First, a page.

Ramsay went on to Saint Joseph's College where he played both basketball and baseball. Ramsay's college career was interrupted by three years of service in the US Navy during World War II.
In 1962, Ramsay obtained his master's degree and in 1963 his doctorate degree in education, both from the University of Pennsylvania. After graduation, Ramsay played six seasons of professional basketball in the Eastern Pennsylvania Basketball League.
To supplement his playing income, he coached basketball at High Schools in Pennsylvania and Delaware.
After coaching in the high school and minor-league ranks, Ramsay became head coach at his alma mater, St Joseph's in 1955. In Ramsay's first season at St Joseph, the Hawks went 23-6 to win their first Big 5 crown. His first season as coach also marked the school's first-ever postseason playoff berth, in which St Joseph placed third in the NIT tourney.
Ramsay would remain at St. Joseph's through 1966, leading the Hawks to six more Big 5 crowns, five straight seasons of first place finishes in the Middle Atlantic Conference, ten postseason appearances, and a Final Four stint in 1961. Ramsay finished with a winning percentage of close to 70% in his college coaching career.
In 1976, after successful runs in Philadelphia and Buffalo as first an NBA GM and then a coach (he took his teams to the Playoffs six of eight seasons) Ramsay became the head coach of the Portland Trail Blazers. When Ramsay arrived, the Blazers had never made the playoffs or even compiled a winning season record in their six-year history. In his first season in Portland (1977), Ramsay led the Blazers to an NBA title.
By the time Ramsay left his last NBA stop (the Indiana Pacers), he was second on the all-time wins list for NBA coaches with 864 wins. In 1996, he was voted one of the 10 greatest coaches in NBA history. In 1992, Ramsay was inducted into the Basketball Hall of Fame.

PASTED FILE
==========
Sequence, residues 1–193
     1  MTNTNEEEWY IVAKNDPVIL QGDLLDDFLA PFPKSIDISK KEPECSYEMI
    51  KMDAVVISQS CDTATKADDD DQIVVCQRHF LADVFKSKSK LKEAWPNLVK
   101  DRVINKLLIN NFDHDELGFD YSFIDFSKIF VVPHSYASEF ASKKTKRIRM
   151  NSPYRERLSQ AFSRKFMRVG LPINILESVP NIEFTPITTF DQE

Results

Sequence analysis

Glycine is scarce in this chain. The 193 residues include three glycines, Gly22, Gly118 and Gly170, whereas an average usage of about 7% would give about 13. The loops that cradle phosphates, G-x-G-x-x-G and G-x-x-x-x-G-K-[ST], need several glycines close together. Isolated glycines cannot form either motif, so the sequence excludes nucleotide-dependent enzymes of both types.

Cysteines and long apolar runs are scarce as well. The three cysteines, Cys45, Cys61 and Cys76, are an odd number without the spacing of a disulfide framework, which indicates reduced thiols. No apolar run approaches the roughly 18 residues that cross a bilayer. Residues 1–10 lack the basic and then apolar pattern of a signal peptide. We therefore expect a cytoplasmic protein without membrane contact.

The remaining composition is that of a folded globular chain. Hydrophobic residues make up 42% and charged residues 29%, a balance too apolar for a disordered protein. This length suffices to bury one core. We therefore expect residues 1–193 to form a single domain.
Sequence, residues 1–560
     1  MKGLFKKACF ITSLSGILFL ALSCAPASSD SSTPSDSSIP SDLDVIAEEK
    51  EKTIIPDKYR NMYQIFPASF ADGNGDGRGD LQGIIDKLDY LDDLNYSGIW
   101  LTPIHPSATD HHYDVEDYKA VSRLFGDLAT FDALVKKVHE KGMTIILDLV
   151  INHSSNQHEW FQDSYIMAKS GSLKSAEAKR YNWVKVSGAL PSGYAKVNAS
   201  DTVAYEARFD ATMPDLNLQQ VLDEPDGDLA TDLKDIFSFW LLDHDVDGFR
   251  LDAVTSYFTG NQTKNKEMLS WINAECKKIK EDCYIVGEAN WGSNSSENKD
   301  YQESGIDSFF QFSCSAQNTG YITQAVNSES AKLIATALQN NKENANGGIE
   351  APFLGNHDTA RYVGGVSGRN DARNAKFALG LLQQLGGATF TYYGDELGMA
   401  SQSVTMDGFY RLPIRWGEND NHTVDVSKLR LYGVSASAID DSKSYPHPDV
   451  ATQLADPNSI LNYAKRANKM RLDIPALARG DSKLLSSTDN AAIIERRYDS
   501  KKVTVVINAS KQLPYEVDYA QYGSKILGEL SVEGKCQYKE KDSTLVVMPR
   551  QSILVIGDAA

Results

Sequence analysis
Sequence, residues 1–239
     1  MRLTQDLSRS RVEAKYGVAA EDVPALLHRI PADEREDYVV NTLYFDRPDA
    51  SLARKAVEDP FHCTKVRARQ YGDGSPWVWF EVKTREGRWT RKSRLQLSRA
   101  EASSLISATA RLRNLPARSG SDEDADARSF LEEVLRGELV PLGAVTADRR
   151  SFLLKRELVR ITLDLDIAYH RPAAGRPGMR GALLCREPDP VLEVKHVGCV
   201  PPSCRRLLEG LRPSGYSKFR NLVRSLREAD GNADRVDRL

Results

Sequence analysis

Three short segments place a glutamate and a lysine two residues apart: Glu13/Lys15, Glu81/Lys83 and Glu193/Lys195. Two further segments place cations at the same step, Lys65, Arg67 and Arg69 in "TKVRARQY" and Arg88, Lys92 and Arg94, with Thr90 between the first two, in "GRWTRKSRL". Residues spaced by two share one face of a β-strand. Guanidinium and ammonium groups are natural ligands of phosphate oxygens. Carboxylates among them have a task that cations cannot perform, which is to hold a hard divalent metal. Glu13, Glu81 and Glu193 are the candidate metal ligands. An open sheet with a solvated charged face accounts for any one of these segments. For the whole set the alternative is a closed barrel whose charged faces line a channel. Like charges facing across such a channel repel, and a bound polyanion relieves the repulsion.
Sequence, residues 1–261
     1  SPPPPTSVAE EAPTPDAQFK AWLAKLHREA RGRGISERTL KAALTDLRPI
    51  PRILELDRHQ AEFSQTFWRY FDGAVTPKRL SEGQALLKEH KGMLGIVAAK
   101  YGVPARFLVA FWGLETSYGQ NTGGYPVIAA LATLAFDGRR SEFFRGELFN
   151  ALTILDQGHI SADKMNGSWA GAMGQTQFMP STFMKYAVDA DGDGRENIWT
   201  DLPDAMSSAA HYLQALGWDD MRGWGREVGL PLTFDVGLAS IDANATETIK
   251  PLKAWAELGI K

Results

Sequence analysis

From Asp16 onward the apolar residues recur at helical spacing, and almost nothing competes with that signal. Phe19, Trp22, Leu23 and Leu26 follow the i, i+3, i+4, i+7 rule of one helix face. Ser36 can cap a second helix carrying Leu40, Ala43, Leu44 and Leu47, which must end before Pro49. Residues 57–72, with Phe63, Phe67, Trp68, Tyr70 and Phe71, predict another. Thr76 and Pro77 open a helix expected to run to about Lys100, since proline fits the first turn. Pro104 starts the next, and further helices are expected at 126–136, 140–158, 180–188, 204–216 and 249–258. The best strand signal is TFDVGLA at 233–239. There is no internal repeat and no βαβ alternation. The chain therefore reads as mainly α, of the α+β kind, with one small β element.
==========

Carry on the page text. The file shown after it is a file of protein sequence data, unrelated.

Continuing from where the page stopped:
After his coaching career ended, Ramsay spent nine years as a television color commentator for the Philadelphia 76ers and the Miami Heat. In addition to his TV and radio work, Ramsay authored several books, including The Coach's Art and Dr. Jack's Leadership Lessons Learned From a Lifetime in Basketball.
Jim Durham, who Dr. Jack would often refer to as "JD", started his sports broadcast career, by working on WJBC radio in Bloomington, IL.
In addition to his work on ESPN and ESPN Radio, Durham spent more than 32 years calling NBA games on TV and radio; his previous assignments were with the Chicago Bulls, Dallas Mavericks, TNT and TBS.
With the Bulls, he was the play-by-play announcer when the Bulls won the 1991 NBA championship.
Durham also called men's NCAA basketball tournament games for CBS.
In addition, Durham did play-by-play for Major League Baseball, first in the 1980s for the Houston Astros and the Chicago White Sox and then for ESPN Radio from 1998 until his death in 2012.
But during this time of year, during the NBA Playoffs, is when I will miss the voices of the ESPN Radio team of Jim Durham and Jack Ramsay the most.
There will never be another sports radio team like them.